Legal Question in Criminal Law in California

My boyfriend is in San Bernardino California jail he has been charged with a Burglary in a violent crime one was 10 years ago and one was 20 years ago they are offering him 36-month have time is that a good deal? also there was no evidence on the burglary charge. can use that your limitations be you since both cases are so old and he has not been in trouble? is there anything else you can do or any way around it to get it expunged or anything?

Asked on 9/26/13, 4:03 pm

1 Answer from Attorneys

Edward Hoffman Law Offices of Edward A. Hoffman
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Do you mean that he has only recently been arrested on these old charges, or that he was convicted of them long ago and has now been arrested for something else? Your earlier question (www.lawguru.com/legal-questions/california-criminal-law/boyfriend-convicted-felon-volient-offince-124590172) suggested that he has two old convictions and a new charge, but this one makes it sound like he's only now been arrested on old warrants.

We can't begin to tell you whether the offer is a good one with so little information. We don't know what the current charge is. We don't know how strong the evidence is (your statement that there is no evidence cannot possibly be correct, since the authorities never file charges based only on a hunch). We don't know what defenses he might be able to raise. We don't know where the case is being tried, which means we don't know how hostile or sympathetic his jury might be. And we don't even have clear information about what's in his record.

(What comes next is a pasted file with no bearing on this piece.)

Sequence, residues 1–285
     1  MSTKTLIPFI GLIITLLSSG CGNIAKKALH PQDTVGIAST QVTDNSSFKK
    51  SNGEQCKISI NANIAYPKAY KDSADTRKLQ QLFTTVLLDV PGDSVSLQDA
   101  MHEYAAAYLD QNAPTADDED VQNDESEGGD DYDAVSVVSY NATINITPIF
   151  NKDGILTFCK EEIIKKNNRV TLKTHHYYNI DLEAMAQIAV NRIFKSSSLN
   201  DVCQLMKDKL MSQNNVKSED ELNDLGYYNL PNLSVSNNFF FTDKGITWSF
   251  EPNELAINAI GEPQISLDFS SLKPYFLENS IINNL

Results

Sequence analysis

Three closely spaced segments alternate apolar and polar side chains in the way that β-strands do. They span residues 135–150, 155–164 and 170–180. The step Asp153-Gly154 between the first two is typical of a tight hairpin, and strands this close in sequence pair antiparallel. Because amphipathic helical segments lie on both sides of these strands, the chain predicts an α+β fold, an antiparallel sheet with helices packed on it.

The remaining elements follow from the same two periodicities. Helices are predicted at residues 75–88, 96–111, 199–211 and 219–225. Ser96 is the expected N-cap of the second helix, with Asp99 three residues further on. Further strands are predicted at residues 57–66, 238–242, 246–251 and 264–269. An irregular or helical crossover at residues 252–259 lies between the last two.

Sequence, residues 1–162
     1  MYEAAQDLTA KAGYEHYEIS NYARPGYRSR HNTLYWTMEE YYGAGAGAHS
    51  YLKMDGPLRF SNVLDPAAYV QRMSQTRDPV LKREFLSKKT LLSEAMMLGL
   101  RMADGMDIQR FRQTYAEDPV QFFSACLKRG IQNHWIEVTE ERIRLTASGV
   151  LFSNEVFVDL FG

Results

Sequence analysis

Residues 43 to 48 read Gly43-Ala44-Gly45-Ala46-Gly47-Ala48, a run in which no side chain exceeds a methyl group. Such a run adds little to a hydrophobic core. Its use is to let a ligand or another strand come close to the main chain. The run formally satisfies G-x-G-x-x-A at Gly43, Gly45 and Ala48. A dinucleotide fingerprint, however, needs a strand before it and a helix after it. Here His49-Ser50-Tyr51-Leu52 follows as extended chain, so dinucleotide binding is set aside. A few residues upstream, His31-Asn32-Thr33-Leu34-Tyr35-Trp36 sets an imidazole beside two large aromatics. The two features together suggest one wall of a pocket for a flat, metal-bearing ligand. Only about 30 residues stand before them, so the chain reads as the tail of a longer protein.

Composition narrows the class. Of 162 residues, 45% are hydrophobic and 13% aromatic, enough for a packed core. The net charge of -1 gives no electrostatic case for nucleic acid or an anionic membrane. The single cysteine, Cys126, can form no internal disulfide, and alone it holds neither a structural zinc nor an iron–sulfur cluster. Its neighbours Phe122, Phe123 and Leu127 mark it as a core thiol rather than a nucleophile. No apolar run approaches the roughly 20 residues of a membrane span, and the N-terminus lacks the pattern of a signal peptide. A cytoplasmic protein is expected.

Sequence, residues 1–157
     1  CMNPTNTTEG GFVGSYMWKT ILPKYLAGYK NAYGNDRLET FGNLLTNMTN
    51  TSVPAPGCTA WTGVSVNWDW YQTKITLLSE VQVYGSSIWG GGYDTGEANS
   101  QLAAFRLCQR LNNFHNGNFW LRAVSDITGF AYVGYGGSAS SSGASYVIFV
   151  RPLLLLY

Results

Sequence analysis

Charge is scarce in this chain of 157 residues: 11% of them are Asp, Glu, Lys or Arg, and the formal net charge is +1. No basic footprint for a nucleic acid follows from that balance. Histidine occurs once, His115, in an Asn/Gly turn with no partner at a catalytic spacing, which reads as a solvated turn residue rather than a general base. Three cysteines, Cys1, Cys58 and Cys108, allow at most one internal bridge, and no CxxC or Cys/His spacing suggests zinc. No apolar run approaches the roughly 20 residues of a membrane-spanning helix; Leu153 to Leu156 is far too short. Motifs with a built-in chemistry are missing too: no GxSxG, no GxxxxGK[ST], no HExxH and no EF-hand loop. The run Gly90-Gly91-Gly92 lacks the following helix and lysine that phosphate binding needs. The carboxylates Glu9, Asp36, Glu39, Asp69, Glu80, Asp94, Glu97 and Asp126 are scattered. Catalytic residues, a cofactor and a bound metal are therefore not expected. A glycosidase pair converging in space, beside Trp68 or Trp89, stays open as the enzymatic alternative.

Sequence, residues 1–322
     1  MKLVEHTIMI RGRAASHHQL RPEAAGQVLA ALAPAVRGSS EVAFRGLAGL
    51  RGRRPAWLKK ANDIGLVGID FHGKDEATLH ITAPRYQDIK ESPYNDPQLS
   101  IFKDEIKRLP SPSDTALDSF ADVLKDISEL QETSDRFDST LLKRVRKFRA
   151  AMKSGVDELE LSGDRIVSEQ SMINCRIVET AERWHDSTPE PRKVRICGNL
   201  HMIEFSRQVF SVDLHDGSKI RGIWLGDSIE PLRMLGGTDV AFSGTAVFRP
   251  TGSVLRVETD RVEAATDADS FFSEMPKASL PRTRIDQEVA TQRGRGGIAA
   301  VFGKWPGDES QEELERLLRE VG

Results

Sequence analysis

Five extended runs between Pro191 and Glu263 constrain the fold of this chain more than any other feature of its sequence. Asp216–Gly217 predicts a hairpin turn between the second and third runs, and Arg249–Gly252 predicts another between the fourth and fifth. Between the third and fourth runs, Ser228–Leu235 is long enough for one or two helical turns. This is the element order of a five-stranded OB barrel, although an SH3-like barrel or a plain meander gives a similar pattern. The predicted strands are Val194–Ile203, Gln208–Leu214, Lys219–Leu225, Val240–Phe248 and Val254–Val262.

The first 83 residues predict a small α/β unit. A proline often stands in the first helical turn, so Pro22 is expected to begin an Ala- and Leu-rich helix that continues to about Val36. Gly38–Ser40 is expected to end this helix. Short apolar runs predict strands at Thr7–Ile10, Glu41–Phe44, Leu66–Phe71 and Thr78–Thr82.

His prior convictions probably won't be admissible to prove his guilt of the new charge, though they might be. It's more likely that they will be used against him at his sentencing, if he is convicted. Either way, the amount of time that has passed since he was last in trouble may help him either keep the convictions out of evidence or reduce their impact -- unless the reason he hasn't been in trouble for ten years is that he spent much of that time behind bars.

Statutes of limitation are only about when new charges can be filed. They do not protect the defendant from being arrested years later on charges that were filed on time, and they don't apply to the use of prior convictions in a new case. As I said in my prior answer, it is unlikely that a conviction for a violent felony can be expunged even in the best of circumstances (which would still require it to first be reduced to a misdemeanor). It is inonceivable that your boyfriend could get an expungement while he has new felony charges pending, since the decision would be partly based on how he has conducted himself since the prior conviction.

I'm sorry I can't be more encouraging. Your boyfriend needs to get a lawyer if he doesn't already have one. General answers to incomplete questions on this website are no substitute for the advice of his own lawyer.

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Answered on 9/26/13, 4:34 pm

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